RAS LANOUF, Libya — Forces loyal to Moammar Gadhafi drove hundreds of rebels from a strategic oil port in a counteroffensive Thursday that reversed the opposition's advance toward the capital Tripoli and now threatens its positions in the east.
Top stories: Turmoil in the Middle East
"I have two words to our brothers and sisters in the east: We're coming," Saif al-Islam Gadhafi, the Libyan leader's most prominent son, told a cheering crowd of young supporters in Tripoli.
The U.S. on Thursday said it would send disaster relief teams to eastern Libya, while Britain and France urged the European Union to recognize the rebels as a government.
But there was no concrete sign of Western moves toward military assistance — such as the no-fly zone that the rebels pleaded for as they retreated through the pancake-flat desert scrubland outside the port of Ras Lanouf, scanning the skies for government warplanes.
The fleeing rebels said government forces showered rockets and tank shells on Ras Lanouf in preparation for a full-scale advance. Lightly armed opposition members sped back to their territory by the hundreds, fleeing eastward in cars and pickup trucks mounted with machine guns.
Civilian structures, including a large mosque, were destroyed, a human rights activist told msnbc.com.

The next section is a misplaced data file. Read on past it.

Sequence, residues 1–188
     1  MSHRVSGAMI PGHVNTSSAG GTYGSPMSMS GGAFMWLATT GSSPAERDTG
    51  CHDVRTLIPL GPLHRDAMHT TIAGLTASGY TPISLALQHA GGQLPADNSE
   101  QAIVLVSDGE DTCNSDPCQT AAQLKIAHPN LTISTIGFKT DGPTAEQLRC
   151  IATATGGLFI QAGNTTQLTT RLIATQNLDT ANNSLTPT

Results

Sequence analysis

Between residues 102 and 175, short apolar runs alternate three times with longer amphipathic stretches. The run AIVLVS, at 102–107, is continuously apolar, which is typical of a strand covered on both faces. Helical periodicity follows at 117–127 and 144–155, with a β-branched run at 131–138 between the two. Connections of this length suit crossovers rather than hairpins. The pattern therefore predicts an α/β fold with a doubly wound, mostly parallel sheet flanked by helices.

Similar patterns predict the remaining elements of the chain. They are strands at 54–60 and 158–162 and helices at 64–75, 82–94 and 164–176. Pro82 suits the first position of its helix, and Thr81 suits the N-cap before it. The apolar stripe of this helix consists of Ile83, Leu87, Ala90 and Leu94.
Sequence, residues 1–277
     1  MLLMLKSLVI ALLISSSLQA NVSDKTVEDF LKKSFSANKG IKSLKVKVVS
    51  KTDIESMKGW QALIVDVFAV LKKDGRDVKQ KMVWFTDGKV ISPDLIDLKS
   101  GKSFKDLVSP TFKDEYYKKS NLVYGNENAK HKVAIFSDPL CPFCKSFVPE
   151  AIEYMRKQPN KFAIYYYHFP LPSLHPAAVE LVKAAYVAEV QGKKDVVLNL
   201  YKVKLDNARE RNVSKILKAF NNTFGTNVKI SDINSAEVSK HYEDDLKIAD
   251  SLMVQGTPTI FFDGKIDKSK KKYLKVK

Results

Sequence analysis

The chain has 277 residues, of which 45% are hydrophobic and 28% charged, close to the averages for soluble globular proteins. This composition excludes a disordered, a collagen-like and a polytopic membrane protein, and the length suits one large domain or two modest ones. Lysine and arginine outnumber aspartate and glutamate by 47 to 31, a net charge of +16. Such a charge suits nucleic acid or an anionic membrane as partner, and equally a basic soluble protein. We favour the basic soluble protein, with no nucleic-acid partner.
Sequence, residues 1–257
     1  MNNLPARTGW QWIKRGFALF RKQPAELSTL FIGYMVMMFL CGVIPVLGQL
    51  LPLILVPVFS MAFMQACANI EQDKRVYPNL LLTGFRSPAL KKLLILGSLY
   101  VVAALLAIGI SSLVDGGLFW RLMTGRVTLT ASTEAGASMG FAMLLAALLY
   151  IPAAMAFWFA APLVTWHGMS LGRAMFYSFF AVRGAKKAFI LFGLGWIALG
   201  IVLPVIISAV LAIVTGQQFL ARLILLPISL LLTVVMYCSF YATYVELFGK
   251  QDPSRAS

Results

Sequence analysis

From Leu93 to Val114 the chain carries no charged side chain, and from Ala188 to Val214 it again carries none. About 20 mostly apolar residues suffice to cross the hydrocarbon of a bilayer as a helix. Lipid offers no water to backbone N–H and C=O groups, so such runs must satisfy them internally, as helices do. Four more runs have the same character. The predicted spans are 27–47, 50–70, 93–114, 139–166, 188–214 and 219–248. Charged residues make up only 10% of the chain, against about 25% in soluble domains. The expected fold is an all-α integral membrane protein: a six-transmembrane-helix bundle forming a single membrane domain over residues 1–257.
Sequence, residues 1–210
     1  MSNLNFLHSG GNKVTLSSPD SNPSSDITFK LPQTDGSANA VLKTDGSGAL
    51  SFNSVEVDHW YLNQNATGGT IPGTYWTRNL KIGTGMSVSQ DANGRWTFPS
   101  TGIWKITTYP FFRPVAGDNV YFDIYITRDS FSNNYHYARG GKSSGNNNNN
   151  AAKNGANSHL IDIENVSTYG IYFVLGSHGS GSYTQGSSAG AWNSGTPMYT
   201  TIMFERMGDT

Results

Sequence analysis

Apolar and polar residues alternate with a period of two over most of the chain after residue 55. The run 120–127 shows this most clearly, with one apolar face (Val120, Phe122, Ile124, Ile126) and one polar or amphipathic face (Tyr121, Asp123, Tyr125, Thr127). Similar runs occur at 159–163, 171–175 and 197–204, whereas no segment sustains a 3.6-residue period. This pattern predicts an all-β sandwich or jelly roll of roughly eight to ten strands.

A rebel official in the town of Ajdabiya inside opposition territory said Gadhafi's troops and tanks battled the insurgents at the western entrance to Ras Lanouf and used gunboats to fire on the rebels from the sea.
"These are tough battles," said Akram al-Zwei, a member of the post-uprising town committee. "We are fighting against four battalions heavily equipped with airpower, tanks, missiles, everything."
A rebel fighter who fled the city after nightfall said it still had not fallen to the regime.
"They are still bombing it from the air, the sea and with rockets, but the ground forces have not come in," Mohammed el-Gheriani said, carrying a Kalashnikov rifle.
As world gathers, Mandela service presents security test
With scores of world leaders and 95,000 mourners packed into an open-air stadium, the memorial service for Nelson Mandela on Tuesday will be the biggest security event in modern memory — planned on just five days’ notice.
- Thai PM dissolves Parliament, calls for elections
- Carter: Mandela belongs next to MLK, Gandhi, Mother Teresa
- U.S. to send planes to Central African Republic
- Who's who of world leaders descends on South Africa
- As world gathers, Mandela service presents security test
Taking back Ras Lanouf would be a major victory for Gadhafi, reestablishing his power over a badly damaged but vital oil facility and pushing his zone of control farther along the main coastal highway running from rebel territory to the capital, Tripoli.
The rebels' capture of Ras Lanouf a week ago had been a major victory as they pushed along Libya's long Mediterranean coastline toward Tripoli, in the far west of the country. A day after seizing it, their forces charged farther ahead, reaching the outskirts of Sirte, Gadhafi's hometown and the bastion of his regime in the center of the country.
A rebel governing council spokesman said Gadhafi's air force, army and navy had bombarded Ras Lanouf, targeting the main hospital, mosques and civilian areas.